Thailand: How powerful is the Thai military?
By Giles Ji Ungpakorn
September 6, 2010 -- Despite the fact that millions of Thais believe that the centre of power among the conservative elites today is the monarchy or the Privy Council, the real centre of power, lurking behind the throne, is the military. The military has intervened in politics and society ever since the 1932 revolution against the absolute monarchy. This is because the Peoples Party led by Pridi Panomyong relied too much on the military rather than building a mass party to stage the revolution. Yet it is also a cliché to just state the number of military coups that have taken place. The power of the military is not unlimited.
At important moments in history, the power of the military has been significantly reduced or kept at bay by social movements and popular uprisings. The post-1973 and 1992 periods are good examples. It would be more accurate to state that the military is an important centre of power among many. Other elite centres include big business, political bosses and high-ranking bureaucrats. What is unique about the army, however, is its weaponry and decisive ability to topple governments through coup d'états. The military has a monopoly on the means of violent coercion and it has been prepared to gun down unarmed protesters in the streets. The last example was in April and May 2010 when more than 90 people died.
The primary role of the Thai military is to police and repress Thai citizens on behalf of the ruling class. The only other additional role is as a wealth-generating machine for the generals. The Thai military would be totally ineffective in the very unlikely event of a war with any neighbouring ASEAN countries. It failed to stand up to the Japanese invasion during the Second World War and it could not possibly resist a serious invasion by any superpower. Unlike the victorious militaries of Vietnam or Indonesia, it has never fought a war of independence. The Thai army owns tanks purely for the purpose of intimidating pro-democracy demonstrators and for staging coups.
On two occasions in the last 50 years the military has been engaged in internal civil wars. The first case was the war with the Communist Party of Thailand in the 1960s and 1970s. The second case is the civil war against Malay Muslim rebels in Thailand's south. Neither of these cases had or has a military solution and the military has been incapable of achieving victory. Such rebellions are caused by deep-rooted injustices that fuel support for the rebels. Most of the time the brutality of the military merely acts to refuel the rebellions. Only a political solution can bring peace. This was the lesson from the war with the Communists.
The military may be powerful, but there are three factors which limit its power: (1) the power of social movements, (2) the power of other sections of the elite that hold economic and political power, and (3) the fact that the military is divided by factionalism. The military also has to repeatedly obtain legitimacy by claiming to protect the monarchy. This is because of its obvious weakness in claiming democratic credentials.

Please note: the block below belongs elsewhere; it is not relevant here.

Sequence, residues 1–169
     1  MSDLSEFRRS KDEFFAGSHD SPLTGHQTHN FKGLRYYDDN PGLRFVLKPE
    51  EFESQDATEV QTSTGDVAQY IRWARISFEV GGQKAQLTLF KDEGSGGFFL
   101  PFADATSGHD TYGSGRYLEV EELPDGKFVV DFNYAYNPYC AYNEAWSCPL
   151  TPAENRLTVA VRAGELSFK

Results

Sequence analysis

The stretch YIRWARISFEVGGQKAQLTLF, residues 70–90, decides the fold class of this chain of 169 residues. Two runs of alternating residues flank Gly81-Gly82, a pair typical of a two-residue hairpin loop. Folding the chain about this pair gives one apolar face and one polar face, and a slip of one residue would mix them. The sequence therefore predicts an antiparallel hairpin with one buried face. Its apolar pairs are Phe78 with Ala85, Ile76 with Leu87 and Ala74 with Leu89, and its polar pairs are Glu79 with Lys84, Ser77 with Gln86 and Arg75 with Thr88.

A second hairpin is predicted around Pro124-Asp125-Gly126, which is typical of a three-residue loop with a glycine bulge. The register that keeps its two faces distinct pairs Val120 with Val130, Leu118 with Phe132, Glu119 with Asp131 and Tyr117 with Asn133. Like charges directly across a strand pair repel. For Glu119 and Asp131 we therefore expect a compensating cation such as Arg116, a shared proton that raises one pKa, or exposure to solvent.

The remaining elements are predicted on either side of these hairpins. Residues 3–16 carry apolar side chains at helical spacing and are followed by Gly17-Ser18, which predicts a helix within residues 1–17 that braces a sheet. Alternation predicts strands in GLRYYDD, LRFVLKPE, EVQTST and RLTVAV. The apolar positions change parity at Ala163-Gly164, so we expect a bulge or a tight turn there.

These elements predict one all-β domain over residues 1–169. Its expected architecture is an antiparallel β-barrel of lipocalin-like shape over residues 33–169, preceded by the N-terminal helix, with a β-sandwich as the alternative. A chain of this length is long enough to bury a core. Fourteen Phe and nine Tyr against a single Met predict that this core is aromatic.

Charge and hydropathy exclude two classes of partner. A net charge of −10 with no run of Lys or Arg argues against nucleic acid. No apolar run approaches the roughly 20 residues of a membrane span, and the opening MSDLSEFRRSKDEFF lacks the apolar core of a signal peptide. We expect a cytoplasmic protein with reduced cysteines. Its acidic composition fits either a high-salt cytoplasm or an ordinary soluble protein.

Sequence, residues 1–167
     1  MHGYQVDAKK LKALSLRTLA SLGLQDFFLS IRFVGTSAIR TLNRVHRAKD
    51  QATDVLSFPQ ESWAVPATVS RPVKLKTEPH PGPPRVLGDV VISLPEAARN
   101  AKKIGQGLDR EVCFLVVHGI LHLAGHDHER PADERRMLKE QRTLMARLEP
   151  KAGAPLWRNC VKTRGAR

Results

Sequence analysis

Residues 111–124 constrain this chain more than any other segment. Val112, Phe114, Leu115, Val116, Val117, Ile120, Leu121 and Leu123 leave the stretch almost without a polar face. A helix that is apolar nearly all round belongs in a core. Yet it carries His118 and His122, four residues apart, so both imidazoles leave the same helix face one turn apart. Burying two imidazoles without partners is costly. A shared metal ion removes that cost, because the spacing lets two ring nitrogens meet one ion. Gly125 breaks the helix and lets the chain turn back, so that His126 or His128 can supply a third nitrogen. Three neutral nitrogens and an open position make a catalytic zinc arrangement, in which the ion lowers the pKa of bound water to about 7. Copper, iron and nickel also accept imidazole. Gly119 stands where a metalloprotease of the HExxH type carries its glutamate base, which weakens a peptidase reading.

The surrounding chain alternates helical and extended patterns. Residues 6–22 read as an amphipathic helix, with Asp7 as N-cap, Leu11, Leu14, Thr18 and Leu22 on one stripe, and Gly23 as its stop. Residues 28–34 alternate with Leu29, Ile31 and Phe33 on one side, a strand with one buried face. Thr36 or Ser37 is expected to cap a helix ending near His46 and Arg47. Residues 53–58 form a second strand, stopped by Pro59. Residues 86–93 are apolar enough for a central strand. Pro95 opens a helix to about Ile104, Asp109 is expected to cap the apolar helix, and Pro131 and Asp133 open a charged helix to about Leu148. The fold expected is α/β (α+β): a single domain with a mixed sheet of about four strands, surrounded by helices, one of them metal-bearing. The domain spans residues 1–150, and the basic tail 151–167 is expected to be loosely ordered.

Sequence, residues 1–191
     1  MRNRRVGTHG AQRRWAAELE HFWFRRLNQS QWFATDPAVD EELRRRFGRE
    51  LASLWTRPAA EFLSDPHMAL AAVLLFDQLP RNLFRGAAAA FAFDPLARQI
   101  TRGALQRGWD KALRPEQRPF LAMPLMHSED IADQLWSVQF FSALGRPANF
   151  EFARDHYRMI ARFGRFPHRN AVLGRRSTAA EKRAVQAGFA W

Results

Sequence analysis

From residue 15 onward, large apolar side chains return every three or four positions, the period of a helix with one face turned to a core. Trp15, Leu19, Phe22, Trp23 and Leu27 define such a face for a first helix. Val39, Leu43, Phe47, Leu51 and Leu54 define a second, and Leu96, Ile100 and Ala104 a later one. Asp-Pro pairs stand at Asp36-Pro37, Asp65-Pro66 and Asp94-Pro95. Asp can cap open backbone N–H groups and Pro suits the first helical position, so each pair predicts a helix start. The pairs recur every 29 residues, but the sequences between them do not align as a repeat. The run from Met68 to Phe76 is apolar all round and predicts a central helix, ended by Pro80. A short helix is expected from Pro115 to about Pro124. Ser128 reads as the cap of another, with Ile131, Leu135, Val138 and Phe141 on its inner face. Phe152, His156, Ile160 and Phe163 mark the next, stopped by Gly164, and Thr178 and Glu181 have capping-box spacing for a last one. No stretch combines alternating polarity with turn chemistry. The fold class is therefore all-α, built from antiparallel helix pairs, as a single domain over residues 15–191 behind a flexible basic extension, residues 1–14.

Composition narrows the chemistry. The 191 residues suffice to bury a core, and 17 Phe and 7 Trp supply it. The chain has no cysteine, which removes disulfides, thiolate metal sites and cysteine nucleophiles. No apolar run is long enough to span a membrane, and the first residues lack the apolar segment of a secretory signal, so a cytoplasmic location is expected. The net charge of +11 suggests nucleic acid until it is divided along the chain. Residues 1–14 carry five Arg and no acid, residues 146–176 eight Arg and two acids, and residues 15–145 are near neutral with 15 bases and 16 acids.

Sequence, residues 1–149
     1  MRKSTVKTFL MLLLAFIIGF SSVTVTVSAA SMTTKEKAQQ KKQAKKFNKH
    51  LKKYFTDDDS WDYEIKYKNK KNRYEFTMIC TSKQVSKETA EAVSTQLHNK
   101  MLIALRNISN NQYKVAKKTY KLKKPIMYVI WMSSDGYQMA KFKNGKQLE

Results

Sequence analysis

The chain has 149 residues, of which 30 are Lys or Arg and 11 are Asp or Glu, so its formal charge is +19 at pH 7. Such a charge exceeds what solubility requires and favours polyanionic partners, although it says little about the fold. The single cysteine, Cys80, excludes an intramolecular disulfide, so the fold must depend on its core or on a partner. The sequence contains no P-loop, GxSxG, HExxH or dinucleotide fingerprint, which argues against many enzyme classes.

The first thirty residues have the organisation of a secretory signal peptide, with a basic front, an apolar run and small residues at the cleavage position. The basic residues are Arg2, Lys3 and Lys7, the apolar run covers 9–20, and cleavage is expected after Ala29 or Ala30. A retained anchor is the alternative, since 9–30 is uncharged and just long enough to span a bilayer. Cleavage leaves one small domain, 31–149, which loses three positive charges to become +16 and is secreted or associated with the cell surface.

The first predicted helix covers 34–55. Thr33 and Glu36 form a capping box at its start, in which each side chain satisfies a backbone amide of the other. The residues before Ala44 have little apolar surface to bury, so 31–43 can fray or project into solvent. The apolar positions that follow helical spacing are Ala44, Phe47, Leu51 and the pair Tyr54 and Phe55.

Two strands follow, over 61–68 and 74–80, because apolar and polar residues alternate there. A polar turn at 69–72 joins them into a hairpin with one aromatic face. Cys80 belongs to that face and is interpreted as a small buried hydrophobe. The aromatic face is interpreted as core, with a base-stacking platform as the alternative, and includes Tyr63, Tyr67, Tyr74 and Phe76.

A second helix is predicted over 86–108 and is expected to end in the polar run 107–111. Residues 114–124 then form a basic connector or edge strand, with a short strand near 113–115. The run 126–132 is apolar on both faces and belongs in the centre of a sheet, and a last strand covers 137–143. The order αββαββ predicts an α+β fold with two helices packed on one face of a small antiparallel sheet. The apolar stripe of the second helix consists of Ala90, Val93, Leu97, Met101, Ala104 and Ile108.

The Thai military never had absolute power, even in the 1950s and 1960s, and always has to take into account the views of social movements, technocrats, powerful politicians and big business. This is even more the case today after decades of economic development and social movement struggles. The 2006 coup could never have been successful if the royalist PAD [People's Alliance for Democracy] and most of the NGOs had not given the green light to such actions. The lack of organisation among Thaksin Shinawatra’s Thai Rak Thai party (Thais Love Thais party) supporters in 2006 also helped. There was no Red Shirt movement at the time of the coup. When the Red Shirts were formed, the military had to use behind-the-scenes actions to get rid of the elected People's Power Party government. One important thing the military did in 2008 was to refuse orders from the elected government to re-open the international airports which had been blockaded by the PAD mobs.
The military is split into squabbling factions that are often a law unto themselves. Those who engage in military watching are often over-obsessed by the various factions and their leaders, forgetting the actions of other societal players. The military factions are purely about self-interest with few ideological differences. They are also linked to various retired soldiers, businesspeople and politicians. When so-called “Watermelon soldiers” (green on the outside and red at heart) launched a deadly attack on the military commander in charge of suppressing the Red Shirts in early April 2010, they acted out of factional interest. They were unhappy with the temporary monopoly of power in the army by the “Eastern Fighters” (Burapapayak) from the 2nd Infantry based in Prachinbury. Watermelon soldiers are a law unto themselves, not controlled by the Red Shirts and they have been shown to be useless in defending the demonstrators when they were killed later in May. They are not known for their ideological commitment to democracy either.